Grab tickets now for this monster of a show, with Coheed and Cambria, Thrice AND Touche Amore!
COHEED AND CAMBRIA
Coheed and Cambria is a rare band whose music is able to transcend “scenes” and effortlessly cross genres of rock – from indie to progressive, to metal and pop-punk to classic rock. The band is frequently compared to progressive, operatic rock bands of the ‘70s, ala Queen, Supertramp or Rush due to their thrilling concept albums that take you on a grand journey of sounds and often clock-in around 10 mins, but still somehow include sugary pop-laden hooks.
The group’s following has grown steadily every album, partly due to their ferocious live show that brings fans to their knees with an equally expansive light show. This summer, the band will be performing songs from their expansive catalog, and we can only imagine they’ll pull a few new tricks from up their sleeves.
Since forming Thrice with guitarist Teppei Teranishi, bassist Eddie Breckenridge, and drummer Riley Breckenridge in 1998, Kensrue has never been one to back down from a mental fight. This mood is set by the opening synth-driven number “Color of the Sky,” which sounds well-suited to accompany the closing credits of the Stranger Things season finale. Think Flying Lotus giving way to Elbow and setting the listener down in a new dimension. A self-recorded effort, Horizons/East conveys a palpable sense of danger, determination, and possibility. Scott Evans (Sleep, Kowloon Walled City, Yautja, Town Portal) is on mixing duties, conjuring a landscape of gloom, glow, and glory.
On “Buried in the Sun,” which had the working title of “D.C. Bass,” the band’s fondness for bands like Fugazi and Frodus comes to the fore. In it we learn that there’s a military-industrial complex, a vast apparatus of legal bullying, to take on (I saw the fire on the television/the DoD or the CIA), but the threat to our mental health in acknowledging our own country’s participation in the terror trade is both immersive and interior. The psychic struggle will often come down to what we’re doing with our tools, how we hold what passes before our minds in dreams and on screens. There’s a lot to take in and a lot to be mad about, but Horizons/East invites us to slow tape and see.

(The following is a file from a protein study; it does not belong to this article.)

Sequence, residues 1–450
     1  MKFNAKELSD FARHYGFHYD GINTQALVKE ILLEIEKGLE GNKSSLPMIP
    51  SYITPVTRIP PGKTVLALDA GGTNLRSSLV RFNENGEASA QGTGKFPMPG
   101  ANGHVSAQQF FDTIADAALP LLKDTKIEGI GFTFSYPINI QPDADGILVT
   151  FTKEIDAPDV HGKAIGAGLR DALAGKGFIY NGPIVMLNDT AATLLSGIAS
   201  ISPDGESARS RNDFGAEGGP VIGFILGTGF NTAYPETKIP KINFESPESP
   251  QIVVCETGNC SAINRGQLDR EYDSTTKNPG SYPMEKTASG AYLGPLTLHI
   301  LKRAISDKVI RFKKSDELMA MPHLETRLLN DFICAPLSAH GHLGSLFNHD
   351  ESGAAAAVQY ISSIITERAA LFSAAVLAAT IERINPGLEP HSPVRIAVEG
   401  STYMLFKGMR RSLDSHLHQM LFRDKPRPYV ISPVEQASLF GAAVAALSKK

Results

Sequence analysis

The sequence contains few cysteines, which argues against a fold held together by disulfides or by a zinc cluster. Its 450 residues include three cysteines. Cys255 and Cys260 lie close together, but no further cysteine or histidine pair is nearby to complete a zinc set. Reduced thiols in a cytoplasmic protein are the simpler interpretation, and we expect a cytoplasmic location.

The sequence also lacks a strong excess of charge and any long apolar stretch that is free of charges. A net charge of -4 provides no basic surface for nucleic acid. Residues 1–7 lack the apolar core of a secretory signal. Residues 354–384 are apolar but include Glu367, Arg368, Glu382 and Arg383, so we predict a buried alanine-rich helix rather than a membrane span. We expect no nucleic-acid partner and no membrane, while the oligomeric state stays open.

Touché Amoré has been burrowing through angst, alienation, cancer, and death throughout four adored studio albums. After over a decade of working through darkness, the band’s gorgeously gruff fifth album, Lament, finds the light at the end of the tunnel. Through 11 songs, Touché Amoré looks back at its past and uses hard-won optimism to point its fans toward light, and love.
Lament is their masterstroke. Its longer, structured songs soar with a ferocious but delicate musicality and powerful, gut-wrenching storytelling that smashes previous heights. Yet as much as the band has grown and matured via everything they’ve endured, it’s perhaps equally impressive how they’ve managed to stay true to their core…
Lament is a widescreen view at the constant fragility we face as people, as well as, life-after-jarring-trauma that we all must endure at some time or another.
Ultimately, the message from Lament? Bolm sums it up best: “That time doesn’t heal. That love can nurture. That it’s okay to not be okay.”
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